They’re covered in dust now—a thick layer just like the rest of the room—just waiting for someone to come along and disturb it once more.
This cabin is nothing like what it used to be.
It’s falling apart at its seams, and even now the smell of rot fills the room.
This place is dying, just like everything else in this forsaken land.
But maybe, just maybe, there’s still hope for it yet.
I take a step inside, shutting out the dying light of day behind me.
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At once, I feel a chill run down my spine.
I’m not sure why I feel this way.
It’s not like I’ve never been in a forest at night before.
And it’s not like I’ve never heard things that weren’t really there.
But this feels different somehow.
The whispers are following me—inside the cabin.
At once, I know that they’ll never leave me alone.
They’ll follow me wherever I go.
They’ll find me in my dreams and haunt me there too.
But I don’t have the energy to worry about them anymore.
I need to rest.
Sinking heavily into the chair by the table, I close my eyes and try to will the whispers away.
They don’t listen.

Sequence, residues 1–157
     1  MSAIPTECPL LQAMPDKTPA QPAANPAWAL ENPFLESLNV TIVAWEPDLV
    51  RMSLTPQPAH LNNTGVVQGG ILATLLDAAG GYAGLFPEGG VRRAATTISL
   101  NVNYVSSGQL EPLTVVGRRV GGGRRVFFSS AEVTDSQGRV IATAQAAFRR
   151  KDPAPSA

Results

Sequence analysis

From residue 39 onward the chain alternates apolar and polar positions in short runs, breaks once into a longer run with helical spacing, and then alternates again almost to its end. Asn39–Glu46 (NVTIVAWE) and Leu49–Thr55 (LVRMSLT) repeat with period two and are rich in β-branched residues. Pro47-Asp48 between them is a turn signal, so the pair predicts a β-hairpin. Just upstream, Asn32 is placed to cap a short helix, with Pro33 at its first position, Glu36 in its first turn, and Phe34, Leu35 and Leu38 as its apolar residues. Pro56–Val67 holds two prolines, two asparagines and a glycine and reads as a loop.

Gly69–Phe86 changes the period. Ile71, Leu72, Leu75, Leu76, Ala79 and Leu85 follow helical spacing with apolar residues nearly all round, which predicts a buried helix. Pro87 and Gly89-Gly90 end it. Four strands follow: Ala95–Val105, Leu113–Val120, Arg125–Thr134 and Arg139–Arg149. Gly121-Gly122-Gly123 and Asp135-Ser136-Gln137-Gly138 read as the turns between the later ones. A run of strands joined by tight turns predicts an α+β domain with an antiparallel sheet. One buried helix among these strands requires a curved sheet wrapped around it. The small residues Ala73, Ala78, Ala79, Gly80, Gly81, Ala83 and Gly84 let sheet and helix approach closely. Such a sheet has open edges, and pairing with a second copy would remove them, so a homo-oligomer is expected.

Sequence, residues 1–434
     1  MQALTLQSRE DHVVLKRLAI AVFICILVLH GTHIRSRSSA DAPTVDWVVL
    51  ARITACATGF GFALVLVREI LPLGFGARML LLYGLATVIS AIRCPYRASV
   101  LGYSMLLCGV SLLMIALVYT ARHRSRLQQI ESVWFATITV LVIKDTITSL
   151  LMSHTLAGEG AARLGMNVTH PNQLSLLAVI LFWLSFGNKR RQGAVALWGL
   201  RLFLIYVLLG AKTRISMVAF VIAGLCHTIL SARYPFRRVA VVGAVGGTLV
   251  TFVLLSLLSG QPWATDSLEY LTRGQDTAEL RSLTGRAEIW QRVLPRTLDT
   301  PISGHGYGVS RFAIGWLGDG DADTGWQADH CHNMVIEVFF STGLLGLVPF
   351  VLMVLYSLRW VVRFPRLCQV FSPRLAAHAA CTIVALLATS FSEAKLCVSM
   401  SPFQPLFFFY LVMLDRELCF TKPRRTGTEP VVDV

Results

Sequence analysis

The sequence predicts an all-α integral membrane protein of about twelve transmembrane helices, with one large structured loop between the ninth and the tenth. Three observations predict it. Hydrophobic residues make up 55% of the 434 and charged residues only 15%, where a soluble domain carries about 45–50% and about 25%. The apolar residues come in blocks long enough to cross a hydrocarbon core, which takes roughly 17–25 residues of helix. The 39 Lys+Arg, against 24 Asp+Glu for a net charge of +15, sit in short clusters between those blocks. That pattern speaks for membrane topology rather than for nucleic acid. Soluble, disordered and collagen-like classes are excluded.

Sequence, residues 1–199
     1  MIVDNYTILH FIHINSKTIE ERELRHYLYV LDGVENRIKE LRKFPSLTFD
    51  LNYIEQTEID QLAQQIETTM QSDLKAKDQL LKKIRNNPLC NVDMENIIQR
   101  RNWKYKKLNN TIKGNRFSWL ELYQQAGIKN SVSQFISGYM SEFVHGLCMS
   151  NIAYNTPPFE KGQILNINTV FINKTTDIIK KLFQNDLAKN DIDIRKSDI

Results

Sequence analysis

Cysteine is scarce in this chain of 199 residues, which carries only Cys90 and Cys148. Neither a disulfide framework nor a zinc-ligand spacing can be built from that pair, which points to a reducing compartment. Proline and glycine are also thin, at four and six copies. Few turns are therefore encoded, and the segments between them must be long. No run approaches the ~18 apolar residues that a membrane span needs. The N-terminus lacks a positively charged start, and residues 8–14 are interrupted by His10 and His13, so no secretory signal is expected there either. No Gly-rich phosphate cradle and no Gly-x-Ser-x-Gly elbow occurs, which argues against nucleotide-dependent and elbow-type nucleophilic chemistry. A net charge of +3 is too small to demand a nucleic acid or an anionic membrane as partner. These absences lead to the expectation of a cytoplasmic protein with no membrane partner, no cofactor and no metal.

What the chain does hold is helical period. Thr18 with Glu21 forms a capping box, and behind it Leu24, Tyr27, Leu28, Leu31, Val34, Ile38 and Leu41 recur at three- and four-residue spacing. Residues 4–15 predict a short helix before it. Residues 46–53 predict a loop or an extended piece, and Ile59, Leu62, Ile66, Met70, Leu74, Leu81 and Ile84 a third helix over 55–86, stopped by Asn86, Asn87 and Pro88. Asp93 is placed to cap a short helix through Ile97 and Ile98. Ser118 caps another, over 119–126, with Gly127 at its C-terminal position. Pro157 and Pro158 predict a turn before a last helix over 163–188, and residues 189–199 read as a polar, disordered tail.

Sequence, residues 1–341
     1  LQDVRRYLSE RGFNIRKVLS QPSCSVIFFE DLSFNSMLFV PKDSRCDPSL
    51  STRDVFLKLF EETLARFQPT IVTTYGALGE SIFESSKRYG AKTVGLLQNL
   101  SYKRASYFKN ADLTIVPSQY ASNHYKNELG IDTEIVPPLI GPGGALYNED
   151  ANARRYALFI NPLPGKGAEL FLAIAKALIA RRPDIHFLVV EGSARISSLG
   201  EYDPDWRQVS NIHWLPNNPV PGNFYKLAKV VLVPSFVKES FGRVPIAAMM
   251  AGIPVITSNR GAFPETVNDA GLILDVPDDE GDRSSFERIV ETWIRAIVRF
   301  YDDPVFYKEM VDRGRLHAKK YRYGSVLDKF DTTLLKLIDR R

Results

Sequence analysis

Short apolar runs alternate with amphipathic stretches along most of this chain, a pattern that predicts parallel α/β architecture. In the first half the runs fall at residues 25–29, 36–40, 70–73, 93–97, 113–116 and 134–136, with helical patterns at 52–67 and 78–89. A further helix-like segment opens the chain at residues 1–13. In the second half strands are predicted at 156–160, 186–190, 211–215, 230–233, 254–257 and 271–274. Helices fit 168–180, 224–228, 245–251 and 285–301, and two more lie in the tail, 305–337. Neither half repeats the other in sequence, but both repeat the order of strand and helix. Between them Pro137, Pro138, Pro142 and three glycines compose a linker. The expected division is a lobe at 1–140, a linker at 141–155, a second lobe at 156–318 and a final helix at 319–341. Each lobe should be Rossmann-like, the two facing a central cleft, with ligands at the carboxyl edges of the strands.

They don’t care.
They only grow louder as night falls outside the cabin around me.
The darkness is complete now—so thick that I can almost feel it trying to smother me.
Reaching into my pocket, I pull out a match and light it with a flick of my wrist.
It burns brilliantly for a moment before it flickers weakly in the darkness.
For a moment, it illuminates the room around me—the old chair and table next to it—and I see that they’re not as empty as they seem.
Ghostly apparitions of the soldiers who died in battle are gathered around them, staring at me with eyes wide and unblinking.
Their lips are moving—moving the way that the whispers do—but no sound comes out.
Their eyes are accusing me of something—though what I’m not sure—and they hold my gaze without looking away for even a moment.
Something inside of me tells me to run—to get out before it’s too late—but I can’t make myself move.
I’m rooted to the spot as if I’m just another part of this dying cabin.
The match has almost burned down to my fingers now, and I drop it with a hiss of pain as it goes out between my fingers.
I try to strike another, but my hands are shaking so much that I can’t get a grip on the matchbox.
It slips between my fingers and falls with a clatter to the floor.
Panic rises in my chest, and I struggle to find it again in the darkness.
There’s no way I can stay here—not with those things watching me from the shadows.
Not with those whispers echoing in my ears.
Not with my own mind betraying me like this.
A branch scrapes against one of the walls from outside, and I hear an animal screeching somewhere in the distance.
Terror rises inside of me, choking me until I can hardly breathe.
“Help me!”
I scream, but no one answers.
“Please, help me!”
My voice is loud enough that it echoes for a moment through the trees outside.
But there’s no one here to hear it except for me.